Clash of the Titans
Studio: Warner Brothers
Starring: Sam Worthington, Gemma Arterton, Liam Neeson, Ralph Fiennes, Mads Mikkelsen, Jason Flemyng, Alexa Davalos
Rating: / 5 Purses
I was so looking forward to this movie. I was a huge fan of the original Clash of the Titans. I had a stuffed winged horse named Pegasus and a rather scratchy owl named Bubo; both of which I believe are cuddled in Sprout’s bed as I write this. Ray Harryhausen’s Medusa scared the dickens out of me and I loved her for it.
Needless to say, I was looking forward to seeing the reboot.
The basic plot remains the same. Perseus, son of Zeus, is on a quest to kill the diabolical Medusa and use her head to turn the frightful Kraken to stone before it can kill the princess Andromeda. The princess is being sacrificed to the beast in order to make up for her mother’s frightful arrogance in face of the gods.
In the original, this was the straightforward story, but this time around, it’s only the framework for bigger narrative. In the new movie, humans are sick of being ruled by the capricious and venal gods of Mount Olympus and are staging a rebellion against their deities by denying them worship and tearing down their temples and monuments. Manipulating the situation is Hades (Ralph Fiennes), the god of the underworld, who looks to use the conflict as the means to usurp his brother Zeus’ throne and gain Mount Olympus.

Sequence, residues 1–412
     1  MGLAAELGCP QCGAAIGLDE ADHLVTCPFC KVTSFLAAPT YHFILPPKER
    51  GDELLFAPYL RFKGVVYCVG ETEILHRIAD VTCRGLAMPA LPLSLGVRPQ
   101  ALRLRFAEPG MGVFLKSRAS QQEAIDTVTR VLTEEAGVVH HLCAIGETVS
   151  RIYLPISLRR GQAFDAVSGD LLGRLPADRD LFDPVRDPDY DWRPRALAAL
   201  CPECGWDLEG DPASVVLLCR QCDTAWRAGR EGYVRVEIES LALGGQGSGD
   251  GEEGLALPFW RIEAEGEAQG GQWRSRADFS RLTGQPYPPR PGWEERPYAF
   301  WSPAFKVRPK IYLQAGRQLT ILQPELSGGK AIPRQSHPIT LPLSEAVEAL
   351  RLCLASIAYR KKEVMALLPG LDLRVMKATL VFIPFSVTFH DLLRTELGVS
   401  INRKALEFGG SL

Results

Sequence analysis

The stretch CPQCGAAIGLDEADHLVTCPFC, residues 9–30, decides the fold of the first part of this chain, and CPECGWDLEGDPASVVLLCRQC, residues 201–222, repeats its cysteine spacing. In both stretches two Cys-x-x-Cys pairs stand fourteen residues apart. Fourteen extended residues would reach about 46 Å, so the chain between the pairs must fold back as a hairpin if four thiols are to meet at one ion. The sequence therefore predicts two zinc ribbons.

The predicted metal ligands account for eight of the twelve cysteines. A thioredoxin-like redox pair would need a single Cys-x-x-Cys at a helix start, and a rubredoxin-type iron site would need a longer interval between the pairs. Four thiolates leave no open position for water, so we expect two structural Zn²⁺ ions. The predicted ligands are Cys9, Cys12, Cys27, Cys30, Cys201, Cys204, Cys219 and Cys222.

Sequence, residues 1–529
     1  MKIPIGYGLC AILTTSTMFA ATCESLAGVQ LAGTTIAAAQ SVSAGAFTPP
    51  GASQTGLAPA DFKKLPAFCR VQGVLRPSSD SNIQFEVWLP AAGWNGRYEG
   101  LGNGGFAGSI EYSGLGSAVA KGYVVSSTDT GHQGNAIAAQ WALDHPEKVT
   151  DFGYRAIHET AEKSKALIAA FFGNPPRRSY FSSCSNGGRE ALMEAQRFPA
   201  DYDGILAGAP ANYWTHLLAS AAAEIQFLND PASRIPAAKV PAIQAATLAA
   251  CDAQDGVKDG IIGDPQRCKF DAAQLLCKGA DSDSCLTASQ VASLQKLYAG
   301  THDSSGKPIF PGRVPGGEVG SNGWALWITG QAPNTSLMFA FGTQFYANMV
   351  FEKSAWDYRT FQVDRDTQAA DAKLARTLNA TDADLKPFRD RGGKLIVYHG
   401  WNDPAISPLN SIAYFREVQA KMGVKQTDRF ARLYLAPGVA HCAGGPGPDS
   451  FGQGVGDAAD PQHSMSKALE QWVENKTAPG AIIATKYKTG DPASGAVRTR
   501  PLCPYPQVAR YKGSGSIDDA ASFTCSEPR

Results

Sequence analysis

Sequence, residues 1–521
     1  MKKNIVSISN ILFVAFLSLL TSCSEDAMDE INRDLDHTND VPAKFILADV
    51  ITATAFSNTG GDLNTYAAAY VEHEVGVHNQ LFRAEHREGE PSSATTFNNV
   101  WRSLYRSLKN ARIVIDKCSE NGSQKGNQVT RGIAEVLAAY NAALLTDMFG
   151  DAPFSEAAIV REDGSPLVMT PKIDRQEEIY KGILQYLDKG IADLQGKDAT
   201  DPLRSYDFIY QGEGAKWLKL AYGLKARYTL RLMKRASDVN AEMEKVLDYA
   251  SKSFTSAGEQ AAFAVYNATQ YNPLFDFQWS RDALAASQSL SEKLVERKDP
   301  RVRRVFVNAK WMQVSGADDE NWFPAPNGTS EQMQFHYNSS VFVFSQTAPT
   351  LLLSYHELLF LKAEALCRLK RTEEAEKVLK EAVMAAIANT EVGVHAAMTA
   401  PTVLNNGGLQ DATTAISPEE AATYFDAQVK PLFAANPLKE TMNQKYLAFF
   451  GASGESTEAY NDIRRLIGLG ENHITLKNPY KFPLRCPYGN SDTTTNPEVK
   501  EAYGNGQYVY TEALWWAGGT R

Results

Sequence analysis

Enter Perseus (Sam Worthington), newly rescued after having his family ripped apart in the war between mortals and god. He’s plenty pissed off to find out about his demi-god status, but is willing to lead the quest if it means he gets his chance for revenge on the Olympians who ruined his life.
The biggest problem with Clash of the Titans 2010 is the lack of a character worthy of audience support. You have no idea who’s side to be on. Are you on the gods’ side even though they are corrupt and selfish and regard their creation (which they claim to love) as nothing more than playthings, easily discarded or destroyed? Or do you back the mortals who are trying to overthrow the Olympians tyranny but act as flawed and feckless of their would be masters, ignoring the plight of the poor and displaced while they revel in their supposed moral superiority?
Finally, there’s the focus of the narrative, Perseus, who is, technically, the hero of the piece. Yet he behaves in such a way as to make a fangirl want to whack him upside of the head with her overweighted handbag in order to knock some sense into him. Throughout the film, he behaves like a spoiled brat, refusing to use any of the abilities that come from being a demi-god to help the people who are traveling with him or to achieve his goal. He even refuses to accept the magical sword that Zeus has given him in a rather tardy expression of paternal devotion. You could practically hear him stomping his foot like a teenager while arguing with Draco (Mads Mikkelsen – best actor in the movie) who tries to convince Perseus to use whatever tools he has at his disposal to keep them all alive. While Perseus throws a hissy fit, his companions are dropping like flies. Worthington barely cracks a smile, or interacts with this companions in a meaningful way. It’s hard to see how Perseus could possibly inspire the loyalty of his comrades that would be required for men to follow their leader to the banks of Hell itself. He barely seems deserving of their devotion.